• Take a trip to the resale shop or used book store. See if you can find something that you can refashion in your work. Set a $5 limit.
  • Ask someone whose work you admire to collaborate on a project together. Make a plan and then get to work. Swap by mail, it’s magical. Some of my favorite projects are collaborations. Seeing what someone else makes and adding to that is addictive. If you’ve never done it before, you need to try this one soon!
  • Draw something abstract in your journal with your non-dominant hand. Make up a story to go with it. Jot your ideas down.
  • Go to your recycle bin and get a cereal box or plastic container. What can you imagine making with it with supplies from around your house? Make it. Bonus points if what you make floats!
  • Ask a kid for an idea or better yet, ask them to start something that you can then finish. Ask them to tell you the story behind it. Write it down so you can remember the roots of this collaboration. Don’t forget to ask your partner to sign it and offer them the original or make a copy if they want it.
  • Look in your closet for an old shirt or an old piece of jewelry or even an old shoe. What can you do with it? Can you use paint or markers on it? Or take it apart and use it with another project?
  • If you’ve never hand dyed anything, make a strong pot of tea or coffee and start dying things! Yarn, fabric, paper, ribbons. Try it out! You’ll have some new materials and they will smell great. I particularly like to dye scrapbook paper. It makes it unique and tones down brighter pieces.
  • Take a walk around the block. While you are out, find a straightish stick between 12 and 18 inches long. Bring it home and turn it into a magic wand with the first 4 art supplies you find. I did this with kids as a birthday party favor one time and there’s a ton of power in having your own magic wand that you created.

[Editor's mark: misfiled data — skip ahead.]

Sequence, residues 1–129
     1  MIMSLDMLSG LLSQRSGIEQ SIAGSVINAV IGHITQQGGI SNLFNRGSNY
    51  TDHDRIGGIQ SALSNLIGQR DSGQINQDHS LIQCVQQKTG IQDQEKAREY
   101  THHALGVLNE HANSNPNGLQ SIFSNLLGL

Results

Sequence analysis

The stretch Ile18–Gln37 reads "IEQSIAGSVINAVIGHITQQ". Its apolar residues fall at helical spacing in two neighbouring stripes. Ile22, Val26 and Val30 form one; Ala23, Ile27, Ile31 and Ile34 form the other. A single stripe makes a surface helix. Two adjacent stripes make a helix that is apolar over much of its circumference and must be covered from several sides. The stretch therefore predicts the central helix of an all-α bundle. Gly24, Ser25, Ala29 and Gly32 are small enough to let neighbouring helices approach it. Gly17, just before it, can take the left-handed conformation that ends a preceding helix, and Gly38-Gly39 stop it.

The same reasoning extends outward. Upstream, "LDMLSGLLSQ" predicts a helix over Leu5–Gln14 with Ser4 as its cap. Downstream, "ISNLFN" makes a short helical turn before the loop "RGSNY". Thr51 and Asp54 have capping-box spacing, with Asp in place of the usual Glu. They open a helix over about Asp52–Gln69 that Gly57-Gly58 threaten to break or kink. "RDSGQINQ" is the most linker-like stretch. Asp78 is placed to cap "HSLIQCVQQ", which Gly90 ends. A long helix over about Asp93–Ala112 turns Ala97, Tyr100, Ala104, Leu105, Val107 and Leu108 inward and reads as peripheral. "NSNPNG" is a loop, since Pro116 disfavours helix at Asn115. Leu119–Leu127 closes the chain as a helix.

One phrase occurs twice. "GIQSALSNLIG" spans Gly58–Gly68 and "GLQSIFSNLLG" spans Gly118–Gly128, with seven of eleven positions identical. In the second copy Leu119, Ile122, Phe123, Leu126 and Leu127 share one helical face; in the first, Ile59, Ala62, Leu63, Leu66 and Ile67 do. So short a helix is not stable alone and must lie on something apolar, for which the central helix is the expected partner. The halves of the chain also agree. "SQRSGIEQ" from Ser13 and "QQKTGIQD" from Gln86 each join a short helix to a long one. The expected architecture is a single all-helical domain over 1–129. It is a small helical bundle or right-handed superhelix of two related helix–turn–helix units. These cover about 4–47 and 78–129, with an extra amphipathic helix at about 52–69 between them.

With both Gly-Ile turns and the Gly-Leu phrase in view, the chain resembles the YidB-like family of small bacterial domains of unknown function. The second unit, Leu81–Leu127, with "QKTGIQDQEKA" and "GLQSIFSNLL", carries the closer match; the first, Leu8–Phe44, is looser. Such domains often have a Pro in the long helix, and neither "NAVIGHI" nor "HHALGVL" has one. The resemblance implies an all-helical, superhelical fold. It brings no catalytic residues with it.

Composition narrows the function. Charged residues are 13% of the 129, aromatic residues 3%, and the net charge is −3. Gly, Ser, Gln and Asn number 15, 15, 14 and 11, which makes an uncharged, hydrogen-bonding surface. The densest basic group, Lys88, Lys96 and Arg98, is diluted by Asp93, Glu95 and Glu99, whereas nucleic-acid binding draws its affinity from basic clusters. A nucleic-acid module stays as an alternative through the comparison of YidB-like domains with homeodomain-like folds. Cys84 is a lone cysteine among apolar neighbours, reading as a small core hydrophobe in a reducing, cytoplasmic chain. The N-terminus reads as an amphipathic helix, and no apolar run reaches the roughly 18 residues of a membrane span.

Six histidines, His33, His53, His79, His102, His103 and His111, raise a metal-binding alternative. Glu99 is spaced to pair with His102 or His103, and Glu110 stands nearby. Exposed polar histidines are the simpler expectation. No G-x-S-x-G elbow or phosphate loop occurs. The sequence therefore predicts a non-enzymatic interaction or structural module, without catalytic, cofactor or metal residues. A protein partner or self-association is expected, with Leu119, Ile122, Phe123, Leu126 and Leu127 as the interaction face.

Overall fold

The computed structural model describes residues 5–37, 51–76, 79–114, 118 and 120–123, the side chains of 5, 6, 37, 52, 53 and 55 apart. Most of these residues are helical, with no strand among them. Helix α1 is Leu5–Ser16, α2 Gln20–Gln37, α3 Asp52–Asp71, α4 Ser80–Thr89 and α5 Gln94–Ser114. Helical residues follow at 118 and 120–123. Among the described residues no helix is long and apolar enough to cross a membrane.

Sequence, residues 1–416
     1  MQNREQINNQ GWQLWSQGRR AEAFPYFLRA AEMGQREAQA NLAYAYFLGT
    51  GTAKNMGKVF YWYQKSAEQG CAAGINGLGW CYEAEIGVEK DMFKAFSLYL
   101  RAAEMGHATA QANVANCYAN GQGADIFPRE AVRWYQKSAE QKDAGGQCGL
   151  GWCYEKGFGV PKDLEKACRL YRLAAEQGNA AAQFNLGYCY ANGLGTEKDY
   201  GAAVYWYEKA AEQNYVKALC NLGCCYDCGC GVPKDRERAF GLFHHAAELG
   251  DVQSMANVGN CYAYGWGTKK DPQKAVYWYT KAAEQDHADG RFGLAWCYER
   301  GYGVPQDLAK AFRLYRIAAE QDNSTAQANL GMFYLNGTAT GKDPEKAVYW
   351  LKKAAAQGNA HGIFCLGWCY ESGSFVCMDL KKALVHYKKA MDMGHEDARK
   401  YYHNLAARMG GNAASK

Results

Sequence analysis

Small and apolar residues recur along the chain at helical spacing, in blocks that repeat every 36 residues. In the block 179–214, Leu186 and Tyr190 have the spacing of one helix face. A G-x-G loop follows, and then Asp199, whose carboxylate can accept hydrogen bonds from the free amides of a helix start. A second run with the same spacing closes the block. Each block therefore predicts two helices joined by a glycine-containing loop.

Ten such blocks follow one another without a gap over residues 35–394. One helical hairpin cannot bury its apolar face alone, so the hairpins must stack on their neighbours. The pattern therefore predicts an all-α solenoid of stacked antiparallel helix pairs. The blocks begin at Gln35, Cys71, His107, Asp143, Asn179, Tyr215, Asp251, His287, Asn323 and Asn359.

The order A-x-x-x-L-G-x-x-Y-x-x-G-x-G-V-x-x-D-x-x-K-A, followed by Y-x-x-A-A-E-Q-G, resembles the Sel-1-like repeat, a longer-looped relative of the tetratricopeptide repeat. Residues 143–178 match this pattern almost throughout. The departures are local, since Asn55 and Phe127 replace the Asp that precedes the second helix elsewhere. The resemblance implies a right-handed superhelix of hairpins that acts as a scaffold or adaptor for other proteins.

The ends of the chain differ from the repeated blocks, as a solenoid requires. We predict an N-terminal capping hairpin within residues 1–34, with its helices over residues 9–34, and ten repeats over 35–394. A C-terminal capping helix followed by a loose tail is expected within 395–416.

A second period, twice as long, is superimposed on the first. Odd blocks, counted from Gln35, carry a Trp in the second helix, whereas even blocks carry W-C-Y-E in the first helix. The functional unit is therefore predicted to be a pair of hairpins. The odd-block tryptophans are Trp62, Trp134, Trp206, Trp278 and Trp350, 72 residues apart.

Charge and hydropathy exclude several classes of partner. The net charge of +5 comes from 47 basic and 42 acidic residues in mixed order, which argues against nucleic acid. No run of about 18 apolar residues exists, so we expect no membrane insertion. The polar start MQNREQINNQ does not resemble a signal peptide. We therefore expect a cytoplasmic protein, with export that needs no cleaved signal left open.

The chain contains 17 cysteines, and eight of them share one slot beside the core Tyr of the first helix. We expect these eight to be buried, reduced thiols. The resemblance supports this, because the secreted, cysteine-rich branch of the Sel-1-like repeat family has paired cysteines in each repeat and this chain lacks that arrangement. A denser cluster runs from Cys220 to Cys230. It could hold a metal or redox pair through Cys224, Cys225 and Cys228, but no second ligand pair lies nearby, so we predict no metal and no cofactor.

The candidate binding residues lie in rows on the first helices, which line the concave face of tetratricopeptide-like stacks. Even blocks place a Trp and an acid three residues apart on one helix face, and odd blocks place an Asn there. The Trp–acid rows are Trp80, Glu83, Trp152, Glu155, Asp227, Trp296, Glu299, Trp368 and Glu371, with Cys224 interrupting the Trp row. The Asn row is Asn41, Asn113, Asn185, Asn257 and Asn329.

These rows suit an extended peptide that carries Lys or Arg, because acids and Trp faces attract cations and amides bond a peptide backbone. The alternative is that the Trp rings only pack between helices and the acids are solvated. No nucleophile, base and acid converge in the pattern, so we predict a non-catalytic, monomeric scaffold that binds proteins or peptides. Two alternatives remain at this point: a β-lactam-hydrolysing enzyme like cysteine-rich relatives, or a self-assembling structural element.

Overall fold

• If you have a Gelli plate, get it out and make prints with only one stencil and 3 colors of paint. Try to change it up at least 10 times with just these supplies. If you don’t have a Gelli plate, you can reproduce this effect with a gallon zip lock bag and some water-soluble markers (Crayola or Tombow markers work great for this!). Tape your bag to your table. Scribble on it with markers, spritz it with water and then pull a print by putting a piece of paper on top of the marked-on bag and then gently peeling it off. Repeat!
  • Take yourself on an artist’s date in nature. Go to a botanical garden or a park and find a shady spot to sit and observe. Look at the leaves and flowers. Listen to the birds. Feel the grass with your hands. Pick up a pebble or stone to take home with you. If you are a hiker, try a new trail.
  • Call a friend on the phone and ask them to recount the dream they had last night. Illustrate a scene from the dream.
  • Read something that’s been translated into your native language from another language. Take note of the descriptive language that’s different from what you usually hear in your home language. Poetry works great for this! Browse the library for poetry books and cookbooks. New words and new foods are invigorating.
  • Grab a box of pasta out of your pantry. Grab some Elmer’s glue and make a picture with it like a child. Bonus points if you make a narwhal or a pangolin.
  • Keep a visual idea book. Anytime you see a pattern or a color combo you love, nab it and paste it into one of the other 57 blank books you’ve been saving.

What are you making?

I want to see what you are making and what you are doing when you are stuck! Send me an email or tag me on social media. I really do want to see and admire your work. Use the hashtag #BustingCreativeBlockWithMisty

What are your questions?

Hopefully you’ve been reading along with my How to Create an Art Practice posts. What’s coming up for you? Are you feeling energized to start or are you sagging in the middle? Do you have questions that you are hoping I’ll answer in this series? Send me an email and let me know what you are looking for or wondering about.